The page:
2963895217599993229915608941463976156518286253697920827223758251
185210916864000000000000000000000000)

Conclusion


Contrary to conventional wisdom, you can program in Haskell at a high level without leaking space. Haskell gives you the tools to abstract away efficient idioms behind a convenient and composable interface, so use them!


Appendix


I've included the full code so that people can play with this themselves:
{-# LANGUAGE ExistentialQuantification #-}

import Control.Applicative
import Data.List (foldl')
import Data.Monoid
import Data.Strict.Tuple
import Prelude hiding (sum, length)

data Fold a b = forall w.  (Monoid w) => Fold
    { tally   :: a -> w
    , compute :: w -> b
    }

fold :: Fold a b -> [a] -> b
fold (Fold t c) xs =
    c (foldl' mappend mempty (map t xs))

instance (Monoid a, Monoid b) => Monoid (Pair a b) where
    mempty = (mempty :!: mempty)
    mappend (aL :!: aR) (bL :!: bR) =
        (mappend aL bL :!: mappend aR bR)

instance Functor (Fold a) where
    fmap f (Fold t k) = Fold t (f . k)

instance Applicative (Fold a) where
    pure a    = Fold (\_ -> ()) (\_ -> a)
    (Fold tL cL) <*> (Fold tR cR) =
        let t x = (tL x :!: tR x)
            c (wL :!: wR) = (cL wL) (cR wR)
        in  Fold t c

genericLength :: (Num b) => Fold a b
genericLength =
    Fold (\_ -> Sum (1::Int)) (fromIntegral . getSum)

sum :: (Num a) => Fold a a
sum = Fold Sum getSum

sumSq :: (Num a) => Fold a a
sumSq = Fold (\x -> Sum (x ^ 2)) getSum

average :: (Fractional a) => Fold a a
average = (\s c -> s / c) <$> sum <*> genericLength

product :: (Num a) => Fold a a
product = Fold Product getProduct

std :: (Floating a) => Fold a a
std =  (\ss s len -> sqrt (ss / len - (s / len)^2))
    <$> sumSq
    <*> sum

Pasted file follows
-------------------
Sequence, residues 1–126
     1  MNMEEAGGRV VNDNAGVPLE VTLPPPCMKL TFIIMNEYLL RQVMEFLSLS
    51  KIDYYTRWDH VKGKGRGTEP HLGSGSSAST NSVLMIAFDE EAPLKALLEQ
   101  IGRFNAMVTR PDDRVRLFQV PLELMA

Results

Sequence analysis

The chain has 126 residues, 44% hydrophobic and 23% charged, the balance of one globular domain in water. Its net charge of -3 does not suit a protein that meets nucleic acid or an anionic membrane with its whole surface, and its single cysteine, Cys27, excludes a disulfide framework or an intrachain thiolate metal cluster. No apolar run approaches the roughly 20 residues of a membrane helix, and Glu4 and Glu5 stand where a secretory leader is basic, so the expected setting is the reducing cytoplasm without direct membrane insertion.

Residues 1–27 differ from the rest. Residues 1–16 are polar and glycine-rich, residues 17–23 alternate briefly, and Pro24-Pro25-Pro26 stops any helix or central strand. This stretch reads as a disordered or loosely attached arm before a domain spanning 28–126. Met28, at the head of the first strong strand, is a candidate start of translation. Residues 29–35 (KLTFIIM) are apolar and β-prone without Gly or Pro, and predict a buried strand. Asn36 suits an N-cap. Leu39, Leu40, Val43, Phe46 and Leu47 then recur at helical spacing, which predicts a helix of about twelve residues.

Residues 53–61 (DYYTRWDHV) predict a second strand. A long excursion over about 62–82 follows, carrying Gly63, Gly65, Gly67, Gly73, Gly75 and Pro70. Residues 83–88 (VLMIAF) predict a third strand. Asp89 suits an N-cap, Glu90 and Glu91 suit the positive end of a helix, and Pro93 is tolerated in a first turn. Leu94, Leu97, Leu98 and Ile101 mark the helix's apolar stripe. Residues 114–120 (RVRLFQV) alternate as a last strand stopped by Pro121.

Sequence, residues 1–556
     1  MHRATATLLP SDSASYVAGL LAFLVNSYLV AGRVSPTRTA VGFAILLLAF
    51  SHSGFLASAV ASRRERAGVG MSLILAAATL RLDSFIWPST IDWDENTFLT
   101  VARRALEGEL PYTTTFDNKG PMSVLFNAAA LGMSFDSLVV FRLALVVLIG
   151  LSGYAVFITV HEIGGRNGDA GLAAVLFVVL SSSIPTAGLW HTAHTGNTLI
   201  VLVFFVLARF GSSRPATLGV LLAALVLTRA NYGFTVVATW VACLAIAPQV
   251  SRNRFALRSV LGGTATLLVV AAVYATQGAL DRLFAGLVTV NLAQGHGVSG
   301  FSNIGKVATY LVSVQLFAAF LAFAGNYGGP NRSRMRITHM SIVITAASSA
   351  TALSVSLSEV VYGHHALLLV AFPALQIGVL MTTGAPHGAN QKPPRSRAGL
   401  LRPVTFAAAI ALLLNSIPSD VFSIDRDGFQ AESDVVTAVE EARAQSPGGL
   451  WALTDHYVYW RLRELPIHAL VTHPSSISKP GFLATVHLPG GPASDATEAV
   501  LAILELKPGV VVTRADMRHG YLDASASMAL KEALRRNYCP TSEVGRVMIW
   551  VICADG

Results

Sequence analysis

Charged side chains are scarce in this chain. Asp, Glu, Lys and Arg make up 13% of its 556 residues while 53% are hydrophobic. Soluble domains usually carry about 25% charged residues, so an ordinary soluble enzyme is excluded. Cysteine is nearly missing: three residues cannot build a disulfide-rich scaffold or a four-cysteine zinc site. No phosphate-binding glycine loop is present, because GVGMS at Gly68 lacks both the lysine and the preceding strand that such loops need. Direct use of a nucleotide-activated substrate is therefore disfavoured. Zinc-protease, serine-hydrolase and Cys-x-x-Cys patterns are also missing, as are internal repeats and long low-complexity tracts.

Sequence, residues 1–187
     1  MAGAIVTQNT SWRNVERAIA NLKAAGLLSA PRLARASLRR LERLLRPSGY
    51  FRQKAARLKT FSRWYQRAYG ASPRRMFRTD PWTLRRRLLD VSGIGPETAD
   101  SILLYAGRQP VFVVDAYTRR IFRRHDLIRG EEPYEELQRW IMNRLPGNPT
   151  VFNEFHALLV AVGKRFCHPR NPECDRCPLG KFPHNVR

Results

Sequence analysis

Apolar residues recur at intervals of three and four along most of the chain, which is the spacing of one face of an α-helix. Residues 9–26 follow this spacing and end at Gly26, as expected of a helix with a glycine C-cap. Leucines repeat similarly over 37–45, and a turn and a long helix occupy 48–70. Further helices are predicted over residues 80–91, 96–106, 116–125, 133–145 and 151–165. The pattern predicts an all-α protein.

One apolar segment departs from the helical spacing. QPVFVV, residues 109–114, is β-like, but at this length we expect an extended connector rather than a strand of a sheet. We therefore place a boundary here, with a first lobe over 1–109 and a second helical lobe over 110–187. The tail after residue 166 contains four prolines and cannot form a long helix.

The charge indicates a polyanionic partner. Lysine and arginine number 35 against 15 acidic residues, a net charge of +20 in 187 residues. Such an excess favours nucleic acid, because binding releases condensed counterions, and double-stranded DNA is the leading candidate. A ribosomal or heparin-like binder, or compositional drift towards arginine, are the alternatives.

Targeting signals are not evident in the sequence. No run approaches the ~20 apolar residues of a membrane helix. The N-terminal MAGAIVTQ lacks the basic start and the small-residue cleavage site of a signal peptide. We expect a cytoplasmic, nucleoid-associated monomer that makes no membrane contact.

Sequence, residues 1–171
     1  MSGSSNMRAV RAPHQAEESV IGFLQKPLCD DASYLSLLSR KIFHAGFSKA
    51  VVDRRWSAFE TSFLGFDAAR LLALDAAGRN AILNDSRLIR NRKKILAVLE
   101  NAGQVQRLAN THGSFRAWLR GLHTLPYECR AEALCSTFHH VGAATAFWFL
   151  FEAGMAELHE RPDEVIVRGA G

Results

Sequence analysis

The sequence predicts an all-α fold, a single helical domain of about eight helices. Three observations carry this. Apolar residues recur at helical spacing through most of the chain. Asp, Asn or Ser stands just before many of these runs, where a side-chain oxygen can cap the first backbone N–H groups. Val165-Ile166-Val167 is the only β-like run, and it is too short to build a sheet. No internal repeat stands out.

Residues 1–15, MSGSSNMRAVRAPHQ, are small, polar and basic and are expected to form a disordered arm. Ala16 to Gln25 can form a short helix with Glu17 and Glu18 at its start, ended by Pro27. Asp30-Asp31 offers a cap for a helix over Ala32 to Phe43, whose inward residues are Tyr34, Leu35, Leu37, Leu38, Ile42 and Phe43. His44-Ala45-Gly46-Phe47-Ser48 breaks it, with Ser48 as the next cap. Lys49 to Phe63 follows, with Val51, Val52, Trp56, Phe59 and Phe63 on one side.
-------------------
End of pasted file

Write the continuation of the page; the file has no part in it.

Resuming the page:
<*> genericLength

19 comments:

  1. Great article!

    Shouldn't the genericLength use Integer instead of Int in the Sum monoid to avoid possible overflow, though?

    ReplyDelete
    Replies
    1. Yes, it should. I used `Int` for efficiency but then forgot that this completely defeats the purpose of `genericLength`. I will fix it.

      Delete
    2. Shouldn't a more generic version use whatever the result type is rather than Integer, which is horrifically slow? (Say were I working with Word64.)

      Delete
    3. Yeah, you are right. That makes much more sense. I will fix this.

      Delete
  2. `fold f xs = case f of
    Fold t c -> c (foldl' mappend mempty (map t xs))`

    why not
    `fold (Fold t c) xs = c (foldl' mappend mempty (map t xs))`

    ReplyDelete
    Replies
    1. For some weird reason I thought that you needed a case statement to unpack an existentially quantified data type. Even weirder, I somehow got it right on the `Functor` instance without even realizing what I was doing.

      Thanks for pointing this out! I fixed that and the Applicative instance as well.

      Delete
  3. `average = (/) <$> sum <*> length`

    should it be

    `average = (/) <$> sum <*> genericLength`

    ?

    ReplyDelete
  4. In my formulation of this technique (http://squing.blogspot.com/2008/11/beautiful-folding.html), there is no Monoid constraint on the accumulator technique. Does the constraint give you any extra power?

    ReplyDelete
    Replies
    1. The monoid constraint facilitates composition, and adds convenience (mempty is used implicitly rather than providing the start value explicitly). You could accomplish the same compositional capabilities without Monoid.